An ongoing series wherein CWILL BC writers and illustrators connect a picture or an item to one of their books.
I confess that the photo above isn’t an actual one but rather a cheaply made composite, a re-enactment, as it were, of something I saw which inspired this story.
During a school tour to Brampton, Ontario four or five years ago, I stayed in a less than great hotel and dined (once) at an adjoining restaurant of equal merit. Inside the place was a huge fish tank; seriously, I’m talking about the size of a bachelor apartment in NYC. And inside this monstrous aquarium were just water and one small unremarkable fish. Nothing else. Just water … and the fish. I felt so bad for him/her. I mean I had a real desire to “liberate” the fish … but I was in Brampton and it’s night and it’s February. So no, sadly, that didn’t happen. For many weeks though afterwards I kept thinking about this poor fish and this very empty existence is must have lead. How does any creature, person or fish, form an identity if there is nothing in their surroundings to work with? I thought of humans coming into the world with a list of important questions. Who am I? Where do I come from? What do I need? What do I do? What is my purpose? That last question made me think of artists and how grateful I am for what artists of any stripe teach me.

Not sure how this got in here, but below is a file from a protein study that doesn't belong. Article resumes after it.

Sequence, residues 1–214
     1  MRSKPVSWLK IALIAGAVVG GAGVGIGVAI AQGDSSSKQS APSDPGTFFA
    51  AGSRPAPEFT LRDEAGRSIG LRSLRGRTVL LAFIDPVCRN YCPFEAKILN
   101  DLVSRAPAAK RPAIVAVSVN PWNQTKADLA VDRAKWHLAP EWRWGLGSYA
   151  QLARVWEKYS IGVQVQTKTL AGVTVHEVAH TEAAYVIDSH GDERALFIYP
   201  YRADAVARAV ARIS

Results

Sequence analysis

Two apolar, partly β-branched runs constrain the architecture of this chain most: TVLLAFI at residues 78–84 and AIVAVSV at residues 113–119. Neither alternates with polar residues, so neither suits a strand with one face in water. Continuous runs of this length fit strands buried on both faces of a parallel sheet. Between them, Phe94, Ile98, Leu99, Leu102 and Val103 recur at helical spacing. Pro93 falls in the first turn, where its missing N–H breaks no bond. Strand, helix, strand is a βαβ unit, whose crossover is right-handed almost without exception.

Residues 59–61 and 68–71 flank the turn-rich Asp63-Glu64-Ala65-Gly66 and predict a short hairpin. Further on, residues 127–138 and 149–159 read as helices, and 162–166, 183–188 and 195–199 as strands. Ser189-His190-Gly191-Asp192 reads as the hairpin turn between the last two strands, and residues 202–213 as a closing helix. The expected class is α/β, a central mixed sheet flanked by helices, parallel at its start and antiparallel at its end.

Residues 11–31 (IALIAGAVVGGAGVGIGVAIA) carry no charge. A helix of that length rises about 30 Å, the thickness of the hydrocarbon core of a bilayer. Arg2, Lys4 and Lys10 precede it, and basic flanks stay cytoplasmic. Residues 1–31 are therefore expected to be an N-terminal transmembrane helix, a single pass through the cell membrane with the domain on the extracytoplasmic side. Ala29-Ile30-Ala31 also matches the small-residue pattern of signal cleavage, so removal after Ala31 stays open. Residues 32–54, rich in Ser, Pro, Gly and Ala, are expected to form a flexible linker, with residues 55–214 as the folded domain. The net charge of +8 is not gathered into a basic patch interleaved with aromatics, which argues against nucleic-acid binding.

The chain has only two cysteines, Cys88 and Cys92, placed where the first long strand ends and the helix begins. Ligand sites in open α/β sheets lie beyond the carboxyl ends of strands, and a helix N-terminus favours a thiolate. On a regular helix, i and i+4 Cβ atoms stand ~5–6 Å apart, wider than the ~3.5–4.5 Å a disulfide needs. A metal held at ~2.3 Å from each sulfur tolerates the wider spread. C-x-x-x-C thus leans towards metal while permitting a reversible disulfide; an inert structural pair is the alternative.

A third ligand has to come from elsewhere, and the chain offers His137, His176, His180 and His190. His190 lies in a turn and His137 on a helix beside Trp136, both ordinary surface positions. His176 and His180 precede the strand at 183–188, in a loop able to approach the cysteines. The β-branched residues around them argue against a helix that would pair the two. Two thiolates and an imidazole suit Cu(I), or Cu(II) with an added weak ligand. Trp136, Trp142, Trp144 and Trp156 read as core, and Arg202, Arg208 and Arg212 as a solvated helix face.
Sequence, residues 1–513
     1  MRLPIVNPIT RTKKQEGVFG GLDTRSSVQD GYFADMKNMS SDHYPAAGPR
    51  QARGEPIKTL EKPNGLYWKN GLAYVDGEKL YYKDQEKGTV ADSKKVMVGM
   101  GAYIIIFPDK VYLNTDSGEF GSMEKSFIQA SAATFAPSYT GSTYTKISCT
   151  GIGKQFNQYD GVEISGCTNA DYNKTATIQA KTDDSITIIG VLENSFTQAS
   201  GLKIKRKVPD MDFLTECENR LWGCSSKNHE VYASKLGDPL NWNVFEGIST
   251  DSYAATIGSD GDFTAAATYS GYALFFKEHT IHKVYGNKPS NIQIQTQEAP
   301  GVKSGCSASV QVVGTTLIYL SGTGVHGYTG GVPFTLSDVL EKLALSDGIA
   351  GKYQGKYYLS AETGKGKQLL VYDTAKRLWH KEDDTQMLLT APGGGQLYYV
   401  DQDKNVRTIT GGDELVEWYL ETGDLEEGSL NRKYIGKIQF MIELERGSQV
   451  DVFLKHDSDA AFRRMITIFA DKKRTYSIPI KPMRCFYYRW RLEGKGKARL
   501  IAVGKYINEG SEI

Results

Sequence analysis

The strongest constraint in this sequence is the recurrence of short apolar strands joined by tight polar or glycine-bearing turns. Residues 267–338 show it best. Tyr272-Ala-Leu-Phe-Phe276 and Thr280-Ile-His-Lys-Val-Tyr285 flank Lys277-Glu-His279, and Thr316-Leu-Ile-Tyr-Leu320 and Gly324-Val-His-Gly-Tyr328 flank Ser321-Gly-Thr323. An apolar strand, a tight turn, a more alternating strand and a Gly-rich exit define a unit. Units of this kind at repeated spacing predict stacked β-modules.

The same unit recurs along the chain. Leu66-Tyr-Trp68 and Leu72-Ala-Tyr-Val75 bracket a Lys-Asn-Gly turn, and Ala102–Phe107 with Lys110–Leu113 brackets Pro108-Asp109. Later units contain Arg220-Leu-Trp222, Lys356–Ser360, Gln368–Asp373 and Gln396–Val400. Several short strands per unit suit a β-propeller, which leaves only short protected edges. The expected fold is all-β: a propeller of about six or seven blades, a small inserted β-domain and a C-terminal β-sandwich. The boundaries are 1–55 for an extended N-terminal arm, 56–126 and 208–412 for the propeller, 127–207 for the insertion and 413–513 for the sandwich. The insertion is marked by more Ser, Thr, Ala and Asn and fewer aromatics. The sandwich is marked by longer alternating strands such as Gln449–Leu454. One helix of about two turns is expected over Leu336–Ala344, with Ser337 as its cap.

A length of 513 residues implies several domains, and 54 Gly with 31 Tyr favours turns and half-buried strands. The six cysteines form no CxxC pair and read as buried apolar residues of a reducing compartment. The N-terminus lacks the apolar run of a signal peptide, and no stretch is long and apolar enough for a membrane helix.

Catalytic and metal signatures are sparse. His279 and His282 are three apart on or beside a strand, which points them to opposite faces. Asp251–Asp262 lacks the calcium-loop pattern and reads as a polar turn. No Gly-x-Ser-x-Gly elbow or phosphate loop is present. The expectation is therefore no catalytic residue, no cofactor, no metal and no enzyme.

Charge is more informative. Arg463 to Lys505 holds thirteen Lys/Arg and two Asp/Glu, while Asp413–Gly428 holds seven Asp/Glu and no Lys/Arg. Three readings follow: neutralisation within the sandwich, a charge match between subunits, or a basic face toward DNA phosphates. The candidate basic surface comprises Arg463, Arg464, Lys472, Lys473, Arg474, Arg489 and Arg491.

A Fish Named Glub is the story of a fish in similar circumstances, found abandoned and rescued by Foster, the owner of a greasy spoon. Set during the Depression, Foster, like his hard working regulars, is down and out but has unrequited dreams. For one, he would rather be a sailor than a cook, and two, he has a crush on Jenny, the single mom who comes in with her daughter. As Glub understands more and more about himself, answering all the big questions, he discovers he has the power to change people’s lives. Glub becomes the catalyst for Foster’s happiness.
A Fish Named Glub, written by Dan Bar-el and illustrated by Josée Bisaillon, will be published by Kids Can Press in April 2014.